If unmarried, can I assign decision making power in the event of incompacitation to my partner instead of my family?

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If unmarried, can I assign decision making power in the event of incompacitation to my partner instead of my family?

I have been together with my partner for a very long time. I am completely

estranged from my family. If anything were to happen to me that would

prevent me from making my own decisions. I would trust my partner to make

the correct decisions as opposed to my family. I want to prevent my family’s

involvement. However, my partner and I are both fundamentally opposed to

the idea of marriage. Can I assign the right to make these decisions to my

partner without getting married?

Asked on September 4, 2016 under Estate Planning, New Mexico


SJZ, Member, New York Bar / FreeAdvice Contributing Attorney

Answered 7 years ago | Contributor

Yes, you can give him or her a power of attorney, which gives him or her the power to conduct your business, financial, economic, etc. affairs when you are incapacitated, and could also create a health care proxy/advance directive which gives him or her the power to make medical care decisions for you (and which also provides guidance to your partner as well as your physicians, by stating your feelings and instructions regarding heroic care, life support, etc.). You should do these immediately, to make sure you have them *before* anything happens. The best way to handle this is to hire an attorney to draft them for you: the lawyer can make sure that they accurately reflect your wishes, advise you as to certain choices you need to make (e.g. for the POA, it can be in effect always, even now, or could only come into effect if you become incapacitated or incompetent), and make sure everything is properly executed (i.e. signed), notarized, and witnessed, so as to be enforceable. While you're at it, if you don't already have one, you should create a will, too, to guide the distribution of your assets in the event the worst happens (e.g. to leave them to your partner, not your family).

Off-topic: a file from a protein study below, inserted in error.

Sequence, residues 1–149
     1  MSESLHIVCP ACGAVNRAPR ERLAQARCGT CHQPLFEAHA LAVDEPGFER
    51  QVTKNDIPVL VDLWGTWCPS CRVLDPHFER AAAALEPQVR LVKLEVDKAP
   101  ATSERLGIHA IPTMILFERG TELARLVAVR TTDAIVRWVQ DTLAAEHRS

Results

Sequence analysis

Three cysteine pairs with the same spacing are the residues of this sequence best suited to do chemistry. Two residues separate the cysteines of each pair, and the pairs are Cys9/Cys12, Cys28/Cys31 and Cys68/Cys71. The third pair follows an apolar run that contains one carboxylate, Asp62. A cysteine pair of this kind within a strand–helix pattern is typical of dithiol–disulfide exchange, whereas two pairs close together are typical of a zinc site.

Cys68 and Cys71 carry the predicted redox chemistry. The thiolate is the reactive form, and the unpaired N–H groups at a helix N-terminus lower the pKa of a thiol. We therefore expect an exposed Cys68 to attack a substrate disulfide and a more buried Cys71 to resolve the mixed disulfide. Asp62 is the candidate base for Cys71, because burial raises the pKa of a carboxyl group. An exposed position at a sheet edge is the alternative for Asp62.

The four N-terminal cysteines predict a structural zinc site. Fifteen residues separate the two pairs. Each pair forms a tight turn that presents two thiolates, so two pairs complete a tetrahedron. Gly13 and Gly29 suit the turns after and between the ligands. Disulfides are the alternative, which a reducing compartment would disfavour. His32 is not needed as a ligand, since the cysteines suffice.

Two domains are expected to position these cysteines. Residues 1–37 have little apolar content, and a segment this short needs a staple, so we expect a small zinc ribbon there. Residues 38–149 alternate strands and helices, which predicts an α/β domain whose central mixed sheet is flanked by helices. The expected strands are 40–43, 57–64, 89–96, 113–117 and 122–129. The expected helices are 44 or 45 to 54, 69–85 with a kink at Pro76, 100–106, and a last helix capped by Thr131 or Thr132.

IMPORTANT NOTICE: The Answer(s) provided above are for general information only. The attorney providing the answer was not serving as the attorney for the person submitting the question or in any attorney-client relationship with such person. Laws may vary from state to state, and sometimes change. Tiny variations in the facts, or a fact not set forth in a question, often can change a legal outcome or an attorney's conclusion. Although AttorneyPages.com has verified the attorney was admitted to practice law in at least one jurisdiction, he or she may not be authorized to practice law in the jurisdiction referred to in the question, nor is he or she necessarily experienced in the area of the law involved. Unlike the information in the Answer(s) above, upon which you should NOT rely, for personal advice you can rely upon we suggest you retain an attorney to represent you.

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